Scientists Scour FDA-Approved Drugs for Potential Coronavirus Treatment

As part of a working group spread across 22 laboratories, a team of scientists at the University of California, San Francisco (UCSF)–based Quantitative Biosciences Institute (QBI) Coronavirus Research Group has identified 50 drugs that may be able to treat patients with COVID-19 (coronavirus). Many of these drugs are already FDA-approved to treat other diseases, such as cancer.

Meanwhile, scientists at Mount Sinai Hospital in New York and the Pasteur Institute in Paris have started testing these drugs against the coronavirus.

In February, when a woman in California tested positive for the coronavirus even though she had not traveled outside the U.S., Nevan Krogan, PhD, Director of QBI, said, “I got to the lab and said we’ve got to drop everything else. Everybody has got to work around the clock on this.”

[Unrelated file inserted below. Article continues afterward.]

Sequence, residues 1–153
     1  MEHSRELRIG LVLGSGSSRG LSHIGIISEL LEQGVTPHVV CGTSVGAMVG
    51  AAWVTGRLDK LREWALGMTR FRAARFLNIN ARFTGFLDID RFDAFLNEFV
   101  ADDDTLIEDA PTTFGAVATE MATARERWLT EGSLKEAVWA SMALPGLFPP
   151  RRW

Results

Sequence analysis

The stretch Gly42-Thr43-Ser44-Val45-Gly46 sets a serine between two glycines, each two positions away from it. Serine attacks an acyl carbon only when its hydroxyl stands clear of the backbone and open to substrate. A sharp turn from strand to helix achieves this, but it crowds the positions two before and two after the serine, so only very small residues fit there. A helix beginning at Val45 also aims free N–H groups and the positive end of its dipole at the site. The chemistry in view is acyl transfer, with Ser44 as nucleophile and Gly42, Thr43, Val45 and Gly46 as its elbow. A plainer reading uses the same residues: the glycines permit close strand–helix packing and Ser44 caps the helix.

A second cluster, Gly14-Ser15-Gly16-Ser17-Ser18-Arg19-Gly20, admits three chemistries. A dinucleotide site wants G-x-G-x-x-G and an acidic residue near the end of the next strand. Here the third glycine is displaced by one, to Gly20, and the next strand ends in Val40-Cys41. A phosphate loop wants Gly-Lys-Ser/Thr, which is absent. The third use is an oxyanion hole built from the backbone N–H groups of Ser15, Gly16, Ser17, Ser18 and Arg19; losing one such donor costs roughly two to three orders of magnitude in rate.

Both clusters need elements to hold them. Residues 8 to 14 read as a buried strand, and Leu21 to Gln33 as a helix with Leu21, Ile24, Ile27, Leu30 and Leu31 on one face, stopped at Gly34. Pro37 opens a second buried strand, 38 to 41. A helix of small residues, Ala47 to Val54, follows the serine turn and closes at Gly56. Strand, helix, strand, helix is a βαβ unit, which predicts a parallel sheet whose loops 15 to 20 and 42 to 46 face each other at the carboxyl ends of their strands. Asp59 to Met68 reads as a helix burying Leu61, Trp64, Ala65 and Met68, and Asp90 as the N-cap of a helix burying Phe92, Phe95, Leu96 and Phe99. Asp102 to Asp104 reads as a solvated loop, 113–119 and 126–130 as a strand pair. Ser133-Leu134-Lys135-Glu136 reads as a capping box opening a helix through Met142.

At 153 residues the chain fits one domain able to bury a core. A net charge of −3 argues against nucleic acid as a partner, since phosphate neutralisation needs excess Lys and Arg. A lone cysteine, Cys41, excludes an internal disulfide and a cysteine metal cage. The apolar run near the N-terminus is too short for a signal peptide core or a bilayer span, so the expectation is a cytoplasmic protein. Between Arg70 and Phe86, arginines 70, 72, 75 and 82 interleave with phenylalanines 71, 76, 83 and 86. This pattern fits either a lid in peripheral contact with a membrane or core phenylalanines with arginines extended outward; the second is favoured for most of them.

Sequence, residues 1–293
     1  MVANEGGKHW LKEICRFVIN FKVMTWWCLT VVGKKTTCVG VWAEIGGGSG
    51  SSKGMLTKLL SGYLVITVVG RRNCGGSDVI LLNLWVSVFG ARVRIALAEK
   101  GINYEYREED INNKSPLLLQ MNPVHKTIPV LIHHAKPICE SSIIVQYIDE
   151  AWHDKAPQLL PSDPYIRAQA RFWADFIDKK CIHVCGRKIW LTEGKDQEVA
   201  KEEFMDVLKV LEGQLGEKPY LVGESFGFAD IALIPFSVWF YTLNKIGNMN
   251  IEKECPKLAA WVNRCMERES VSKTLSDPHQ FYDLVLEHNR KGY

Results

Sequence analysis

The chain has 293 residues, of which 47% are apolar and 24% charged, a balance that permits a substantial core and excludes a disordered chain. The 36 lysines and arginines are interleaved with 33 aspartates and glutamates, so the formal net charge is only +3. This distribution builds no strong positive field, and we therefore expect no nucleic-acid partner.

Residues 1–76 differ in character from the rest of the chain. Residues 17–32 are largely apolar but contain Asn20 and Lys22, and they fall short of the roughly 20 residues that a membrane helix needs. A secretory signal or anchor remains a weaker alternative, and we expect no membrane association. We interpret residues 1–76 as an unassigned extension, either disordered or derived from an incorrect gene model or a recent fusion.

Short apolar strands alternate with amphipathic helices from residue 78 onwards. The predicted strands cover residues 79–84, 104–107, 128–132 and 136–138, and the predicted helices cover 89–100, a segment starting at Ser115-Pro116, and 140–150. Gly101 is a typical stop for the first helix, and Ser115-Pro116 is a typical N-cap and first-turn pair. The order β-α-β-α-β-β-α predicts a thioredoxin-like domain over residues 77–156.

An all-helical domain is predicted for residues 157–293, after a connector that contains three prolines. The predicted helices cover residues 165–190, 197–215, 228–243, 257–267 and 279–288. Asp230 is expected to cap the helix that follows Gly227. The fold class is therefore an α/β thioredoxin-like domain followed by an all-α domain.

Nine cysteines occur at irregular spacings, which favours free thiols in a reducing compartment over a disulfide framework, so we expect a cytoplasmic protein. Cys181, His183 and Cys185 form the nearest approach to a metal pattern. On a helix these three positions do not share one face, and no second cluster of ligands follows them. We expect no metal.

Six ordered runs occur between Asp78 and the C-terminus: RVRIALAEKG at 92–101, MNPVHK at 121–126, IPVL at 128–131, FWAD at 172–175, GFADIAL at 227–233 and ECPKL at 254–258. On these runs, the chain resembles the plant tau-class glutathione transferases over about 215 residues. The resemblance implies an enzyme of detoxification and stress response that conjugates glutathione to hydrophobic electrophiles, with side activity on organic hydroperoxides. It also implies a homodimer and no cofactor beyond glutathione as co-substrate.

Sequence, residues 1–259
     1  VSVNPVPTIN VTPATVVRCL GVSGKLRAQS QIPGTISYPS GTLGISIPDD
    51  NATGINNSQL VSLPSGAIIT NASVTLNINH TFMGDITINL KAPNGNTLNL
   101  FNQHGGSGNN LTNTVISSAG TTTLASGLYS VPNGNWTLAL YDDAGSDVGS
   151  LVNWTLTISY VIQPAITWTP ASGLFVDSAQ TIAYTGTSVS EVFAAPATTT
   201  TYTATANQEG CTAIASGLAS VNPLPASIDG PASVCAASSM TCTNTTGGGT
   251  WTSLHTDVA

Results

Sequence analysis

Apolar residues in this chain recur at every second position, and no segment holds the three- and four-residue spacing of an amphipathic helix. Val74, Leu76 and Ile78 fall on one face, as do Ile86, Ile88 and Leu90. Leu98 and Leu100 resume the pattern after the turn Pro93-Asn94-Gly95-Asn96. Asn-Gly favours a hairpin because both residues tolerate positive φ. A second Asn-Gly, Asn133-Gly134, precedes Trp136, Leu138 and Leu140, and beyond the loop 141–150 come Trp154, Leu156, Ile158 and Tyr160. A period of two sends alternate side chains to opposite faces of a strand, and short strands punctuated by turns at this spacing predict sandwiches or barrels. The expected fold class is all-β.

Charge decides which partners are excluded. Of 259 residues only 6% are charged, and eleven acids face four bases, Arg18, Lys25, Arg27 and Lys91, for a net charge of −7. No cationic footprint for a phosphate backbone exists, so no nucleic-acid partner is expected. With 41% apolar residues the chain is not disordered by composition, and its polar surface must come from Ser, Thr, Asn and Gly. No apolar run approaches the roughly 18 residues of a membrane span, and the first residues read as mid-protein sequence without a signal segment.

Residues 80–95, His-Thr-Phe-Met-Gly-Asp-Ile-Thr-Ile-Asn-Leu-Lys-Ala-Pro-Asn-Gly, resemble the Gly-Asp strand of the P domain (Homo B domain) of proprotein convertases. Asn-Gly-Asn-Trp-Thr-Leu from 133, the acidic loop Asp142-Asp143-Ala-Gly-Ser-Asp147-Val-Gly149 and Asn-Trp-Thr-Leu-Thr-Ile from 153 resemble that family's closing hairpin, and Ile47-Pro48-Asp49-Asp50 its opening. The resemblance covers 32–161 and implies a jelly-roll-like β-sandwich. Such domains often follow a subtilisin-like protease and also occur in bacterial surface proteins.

Within a few weeks, Dr. Krogan and his colleagues had synthesized genes from the coronavirus and injected them into cells, identifying more than 400 proteins that the virus relies on to grow. At UCSF, chemist Kevan Shokat, PhD, and his team have been investigating 20,000 FDA-approved drugs to see whether they interact with those proteins. As of mid-March, they had discovered 50 candidates that the working group has started to test against the coronavirus, which researchers at the Icahn School of Medicine at Mount Sinai Hospital have recently started to grow in monkey cells. Potential treatments will undergo animal testing before entering human clinical trials.

Source: The New York Times, March 17, 2020.